3. As Laura posed it, how do we distinguish the divine from the unnatural? This question immediately led me to think about how there seems to be a fine line between supernatural (which is acceptable) and abnormal (which is not). Considering the aversion society has towards those with disabilities, who's to say that those sort of people are not gifted versus being "lacking" or "inadequate." In my women writers class we've been discussing a lot about those with disability and one of my articles states, "Because disability is defined not as a set of observable, broadly predictable traits, such as femaleness or skin color, but rather as any departure from the physical, mental, and psychological norms and expectations of a particular culture, disability highlights individual differences." The quote is pretty extensive, but does that not sound like the man with enormous wings, or even the woman with the spider body? Both of these characters fit into this category of "out of the norm," yet it is immediately assumed by a general audience that this man is an angel and not an invalid or a freak or sideshow.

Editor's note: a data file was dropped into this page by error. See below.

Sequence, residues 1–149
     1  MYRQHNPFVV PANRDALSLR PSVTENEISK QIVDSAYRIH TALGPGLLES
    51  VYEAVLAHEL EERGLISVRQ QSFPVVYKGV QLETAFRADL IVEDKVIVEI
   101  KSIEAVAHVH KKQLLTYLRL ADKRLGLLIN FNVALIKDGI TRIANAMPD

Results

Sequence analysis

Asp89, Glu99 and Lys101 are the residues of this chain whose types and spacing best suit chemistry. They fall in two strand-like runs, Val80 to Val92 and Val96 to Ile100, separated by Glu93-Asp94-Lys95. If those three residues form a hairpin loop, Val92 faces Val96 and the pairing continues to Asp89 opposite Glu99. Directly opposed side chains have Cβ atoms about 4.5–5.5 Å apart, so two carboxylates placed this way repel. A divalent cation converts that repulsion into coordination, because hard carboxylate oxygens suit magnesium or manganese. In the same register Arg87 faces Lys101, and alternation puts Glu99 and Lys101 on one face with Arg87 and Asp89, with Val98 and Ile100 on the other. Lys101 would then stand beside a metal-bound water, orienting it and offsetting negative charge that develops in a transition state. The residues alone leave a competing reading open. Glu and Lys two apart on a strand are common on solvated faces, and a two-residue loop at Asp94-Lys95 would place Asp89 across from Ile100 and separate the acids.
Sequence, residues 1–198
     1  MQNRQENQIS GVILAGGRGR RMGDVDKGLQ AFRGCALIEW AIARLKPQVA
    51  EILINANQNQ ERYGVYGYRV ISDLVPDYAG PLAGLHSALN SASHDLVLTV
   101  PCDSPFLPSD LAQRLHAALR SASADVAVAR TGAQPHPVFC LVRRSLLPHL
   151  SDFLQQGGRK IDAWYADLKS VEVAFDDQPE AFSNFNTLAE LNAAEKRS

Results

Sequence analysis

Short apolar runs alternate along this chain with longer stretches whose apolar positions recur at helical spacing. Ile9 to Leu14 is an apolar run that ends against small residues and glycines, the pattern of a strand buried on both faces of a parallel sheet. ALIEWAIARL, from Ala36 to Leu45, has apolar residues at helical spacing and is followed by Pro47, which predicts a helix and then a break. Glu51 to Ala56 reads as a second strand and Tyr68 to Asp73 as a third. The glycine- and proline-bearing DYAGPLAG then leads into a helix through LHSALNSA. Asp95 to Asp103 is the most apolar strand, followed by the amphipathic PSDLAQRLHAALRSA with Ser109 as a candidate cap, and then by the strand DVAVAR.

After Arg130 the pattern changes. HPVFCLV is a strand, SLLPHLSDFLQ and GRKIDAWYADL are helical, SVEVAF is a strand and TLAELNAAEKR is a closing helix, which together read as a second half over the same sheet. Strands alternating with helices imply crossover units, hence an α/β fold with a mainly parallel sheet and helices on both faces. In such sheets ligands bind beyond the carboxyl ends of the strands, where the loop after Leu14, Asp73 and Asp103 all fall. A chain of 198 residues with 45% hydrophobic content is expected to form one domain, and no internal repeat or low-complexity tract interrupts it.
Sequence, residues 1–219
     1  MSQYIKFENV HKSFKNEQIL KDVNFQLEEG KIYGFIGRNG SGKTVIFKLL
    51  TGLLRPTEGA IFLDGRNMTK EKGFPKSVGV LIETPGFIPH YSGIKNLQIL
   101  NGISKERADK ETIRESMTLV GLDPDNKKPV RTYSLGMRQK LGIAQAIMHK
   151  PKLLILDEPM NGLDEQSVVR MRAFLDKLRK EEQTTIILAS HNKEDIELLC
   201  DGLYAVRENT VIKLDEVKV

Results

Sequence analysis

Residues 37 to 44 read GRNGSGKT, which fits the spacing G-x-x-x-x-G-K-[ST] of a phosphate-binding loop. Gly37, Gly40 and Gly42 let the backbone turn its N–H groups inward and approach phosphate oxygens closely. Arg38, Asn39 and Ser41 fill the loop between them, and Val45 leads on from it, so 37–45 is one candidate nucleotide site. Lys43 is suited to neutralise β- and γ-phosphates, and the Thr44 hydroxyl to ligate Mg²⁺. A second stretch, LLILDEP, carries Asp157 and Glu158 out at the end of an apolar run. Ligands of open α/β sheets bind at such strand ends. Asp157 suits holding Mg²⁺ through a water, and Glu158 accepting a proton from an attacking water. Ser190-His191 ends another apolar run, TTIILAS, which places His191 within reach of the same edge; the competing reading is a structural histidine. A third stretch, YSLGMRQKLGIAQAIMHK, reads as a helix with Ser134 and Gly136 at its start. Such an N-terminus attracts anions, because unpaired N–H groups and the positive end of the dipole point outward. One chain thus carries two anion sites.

What I'm getting at here is WHY Marquez chose to have the old man assumed by society to be supernatural/positive rather than abnormal/negative? This is an enormous choice in the story and I think it holds a lot of weight as far as how to interpret the piece. Personally, I think that Marquez wanted to utilize the image of religion and imitate it as closely as possible but not copy it to a T - that would send the wrong message. By making the old man seem angelic but also putting in contrasting images of his parasitic wings and strange, passive behavior, Marquez creates more of a controversial, thought-provoking plot rather than something that ultimately resembles religion unmistakeably. It is easier for us to argue whether the man is an angel or not because of the more gruesome/abnormal details Marquez uses. I think it's a really great writing skill to have and I'm envious of it as an aspiring author.